Even though Plan B One-Step, Next Choice One Dose and My Way are all available over-the-counter, you may still need a prescription (regardless of your age) in order for your insurance to cover the cost of these medications, so be sure to check your health policy's rules.

Next Choice (the two-pill Plan B generic) is available at pharmacies without a prescription for men and women age 17 or older. You will need to present a valid ID. If you are under 17, a prescription is needed to purchase Next Choice.

Other forms of emergency contraception can only be obtained with a prescription (like Ella), so these require a doctor's appointment.

Because levonorgestrel-based emergency contraception is more effective the sooner you use it, try to save time by calling your pharmacy/drug store ahead of time to make sure that they these emergency contraceptives in stock.

 

Effectiveness:

In general, emergency contraception is meant to be a backup birth control method. It is not as effective as the correct and consistent use of other reversible prescription birth control methods. Additionally, emergency contraception does not continue to prevent pregnancy during the rest of your reproductive cycle, so other birth control methods should be used.

Two main factors influence the effectiveness of emergency contraception:

  • The amount of time that has gone by since the incident of unprotected sex/birth control failure.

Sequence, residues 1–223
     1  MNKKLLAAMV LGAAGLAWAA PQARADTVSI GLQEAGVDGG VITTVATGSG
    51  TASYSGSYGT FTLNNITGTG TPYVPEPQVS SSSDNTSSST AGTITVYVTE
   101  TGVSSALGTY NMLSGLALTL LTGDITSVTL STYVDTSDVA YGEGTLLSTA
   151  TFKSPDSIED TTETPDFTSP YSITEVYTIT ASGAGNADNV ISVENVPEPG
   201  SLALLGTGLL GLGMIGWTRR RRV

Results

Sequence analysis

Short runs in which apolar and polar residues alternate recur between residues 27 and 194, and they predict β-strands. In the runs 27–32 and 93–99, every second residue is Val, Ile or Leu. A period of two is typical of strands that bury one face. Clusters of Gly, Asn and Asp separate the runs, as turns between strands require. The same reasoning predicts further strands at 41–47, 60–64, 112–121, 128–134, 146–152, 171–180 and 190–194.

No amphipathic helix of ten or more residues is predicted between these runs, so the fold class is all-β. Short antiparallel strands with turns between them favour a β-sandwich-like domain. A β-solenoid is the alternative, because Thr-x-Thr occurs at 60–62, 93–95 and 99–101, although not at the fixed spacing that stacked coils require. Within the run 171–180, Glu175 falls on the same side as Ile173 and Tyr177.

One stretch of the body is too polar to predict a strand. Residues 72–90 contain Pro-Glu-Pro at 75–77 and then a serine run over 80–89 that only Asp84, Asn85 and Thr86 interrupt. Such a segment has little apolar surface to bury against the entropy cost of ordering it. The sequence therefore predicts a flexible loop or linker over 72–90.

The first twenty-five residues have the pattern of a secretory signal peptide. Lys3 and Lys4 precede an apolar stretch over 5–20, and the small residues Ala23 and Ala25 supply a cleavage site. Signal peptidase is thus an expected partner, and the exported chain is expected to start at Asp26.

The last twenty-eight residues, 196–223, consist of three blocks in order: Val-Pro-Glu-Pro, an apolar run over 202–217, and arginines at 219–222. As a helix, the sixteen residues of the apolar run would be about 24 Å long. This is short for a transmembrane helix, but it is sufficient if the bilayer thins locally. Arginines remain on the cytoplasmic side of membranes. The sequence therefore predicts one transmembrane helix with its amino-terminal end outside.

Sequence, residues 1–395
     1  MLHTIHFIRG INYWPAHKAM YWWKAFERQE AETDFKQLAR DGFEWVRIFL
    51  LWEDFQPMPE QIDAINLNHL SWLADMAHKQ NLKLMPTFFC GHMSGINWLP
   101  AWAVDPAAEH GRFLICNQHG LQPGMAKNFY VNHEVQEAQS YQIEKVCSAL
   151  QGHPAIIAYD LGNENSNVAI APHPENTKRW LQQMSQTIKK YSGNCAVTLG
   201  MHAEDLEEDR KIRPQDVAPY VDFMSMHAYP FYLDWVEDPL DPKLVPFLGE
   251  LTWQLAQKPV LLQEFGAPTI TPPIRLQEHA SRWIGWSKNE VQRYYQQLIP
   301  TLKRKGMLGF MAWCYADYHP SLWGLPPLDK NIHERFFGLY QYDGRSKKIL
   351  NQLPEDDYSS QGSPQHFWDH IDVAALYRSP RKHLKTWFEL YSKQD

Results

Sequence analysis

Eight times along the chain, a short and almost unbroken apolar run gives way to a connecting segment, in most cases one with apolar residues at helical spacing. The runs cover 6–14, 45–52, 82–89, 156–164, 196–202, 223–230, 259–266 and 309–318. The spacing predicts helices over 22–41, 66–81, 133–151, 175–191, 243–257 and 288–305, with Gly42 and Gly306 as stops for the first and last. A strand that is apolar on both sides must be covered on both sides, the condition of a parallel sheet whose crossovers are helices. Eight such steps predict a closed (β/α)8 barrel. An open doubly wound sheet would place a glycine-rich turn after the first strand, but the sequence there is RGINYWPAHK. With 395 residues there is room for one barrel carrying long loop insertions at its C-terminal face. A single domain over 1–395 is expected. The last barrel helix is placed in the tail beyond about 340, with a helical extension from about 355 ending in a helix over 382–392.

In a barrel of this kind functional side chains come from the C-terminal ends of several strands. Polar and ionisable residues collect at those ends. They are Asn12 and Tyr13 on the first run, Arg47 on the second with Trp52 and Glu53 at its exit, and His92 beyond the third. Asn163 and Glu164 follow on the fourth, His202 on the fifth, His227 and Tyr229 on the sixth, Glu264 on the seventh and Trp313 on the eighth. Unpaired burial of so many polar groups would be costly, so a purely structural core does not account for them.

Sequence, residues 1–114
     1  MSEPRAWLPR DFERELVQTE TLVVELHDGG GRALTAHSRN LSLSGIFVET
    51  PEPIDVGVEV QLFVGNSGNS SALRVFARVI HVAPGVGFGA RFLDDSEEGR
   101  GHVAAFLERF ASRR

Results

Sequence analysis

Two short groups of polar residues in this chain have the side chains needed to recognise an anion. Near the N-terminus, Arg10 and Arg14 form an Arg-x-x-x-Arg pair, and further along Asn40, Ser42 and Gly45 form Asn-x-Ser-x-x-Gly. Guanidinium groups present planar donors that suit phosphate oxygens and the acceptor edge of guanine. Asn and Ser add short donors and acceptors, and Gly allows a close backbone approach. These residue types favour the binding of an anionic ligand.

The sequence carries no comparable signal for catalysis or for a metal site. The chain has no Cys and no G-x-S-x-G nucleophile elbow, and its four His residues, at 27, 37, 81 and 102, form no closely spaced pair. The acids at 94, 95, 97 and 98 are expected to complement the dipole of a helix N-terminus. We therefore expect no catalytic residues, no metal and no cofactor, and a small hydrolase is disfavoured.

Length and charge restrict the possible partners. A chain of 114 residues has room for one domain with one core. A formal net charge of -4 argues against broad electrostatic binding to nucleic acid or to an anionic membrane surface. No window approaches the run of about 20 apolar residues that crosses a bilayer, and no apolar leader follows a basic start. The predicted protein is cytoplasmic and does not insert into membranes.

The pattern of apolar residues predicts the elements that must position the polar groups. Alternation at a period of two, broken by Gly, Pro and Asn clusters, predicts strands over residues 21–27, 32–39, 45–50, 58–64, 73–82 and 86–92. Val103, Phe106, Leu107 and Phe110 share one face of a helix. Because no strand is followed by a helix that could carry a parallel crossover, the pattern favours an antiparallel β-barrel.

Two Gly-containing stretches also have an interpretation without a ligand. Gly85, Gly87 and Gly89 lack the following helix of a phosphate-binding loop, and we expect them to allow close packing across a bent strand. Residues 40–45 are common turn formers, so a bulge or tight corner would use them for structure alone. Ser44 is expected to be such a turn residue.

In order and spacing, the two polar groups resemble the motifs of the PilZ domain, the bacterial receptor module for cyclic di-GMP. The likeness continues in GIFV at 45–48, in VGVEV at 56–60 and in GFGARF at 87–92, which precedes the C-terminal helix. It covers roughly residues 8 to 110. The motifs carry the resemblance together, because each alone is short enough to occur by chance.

• The point in your cycle when you had sex.

Therefore, the sooner emergency contraception is used after unprotected sex, the more effective it will be. Also, the closer you are to ovulation (when having unprotected sex), decreases the effectiveness of emergency contraception. 

All methods of emergency contraception reduce the risk of pregnancy by 75-99% when they are initiated within 72 hours.

Emergency Contraception Costs:

The cost for emergency contraception varies widely and depends upon the method. Total fees can range from about $35-$65 (Plan B One-Step), anywhere up to around $400 (to obtain ParaGard IUD). Next Choice, Next Choice One Dose, and My Way are typically priced around 10-20% lower than the branded Plan B One-Step.
 

Side Effects:

These, too, vary depending on the type of emergency contraception used. You should discuss any major side effects with your doctor as well as if you are experiencing any signs of pregnancy after using emergency contraception. Some of the most common pregnancy signs include:
  • Missed menstrual period
  • Sore or enlarged breasts
  • Nausea
  • Frequent urination
  • Unexplained fatigue
  • Headaches

STD Protection:

No emergency contraception method offers protection from STDs. Women who need emergency contraception may be at more risk for these infections. Women at the most risk are those who:
  • Have had unprotected sex with infected partners
  • Are victims of sexual assault
  • Who use IV drugs or have a partner who does

The morning-after pill may be a safer choice for those women at increased risk for STDs instead of an IUD. This is because bacteria from a preexisting infection can be introduced into the uterus during IUD insertion. If this is left untreated, it can lead to pelvic inflammatory disease.

Sources:

Noé G, Croxatto HB, Salvatierra AM, Reyes R. "Contraceptive efficacy of emergency contraception with levonorgestrel given before or after ovulation." Contraception 2011;84(5:486-492. Accessed via private subscription.

Prine L. "Emergency contraception: Myths and facts." Obstet Gynecol Clin N Am 2007 March;34:127–136. Accessed via private subscription.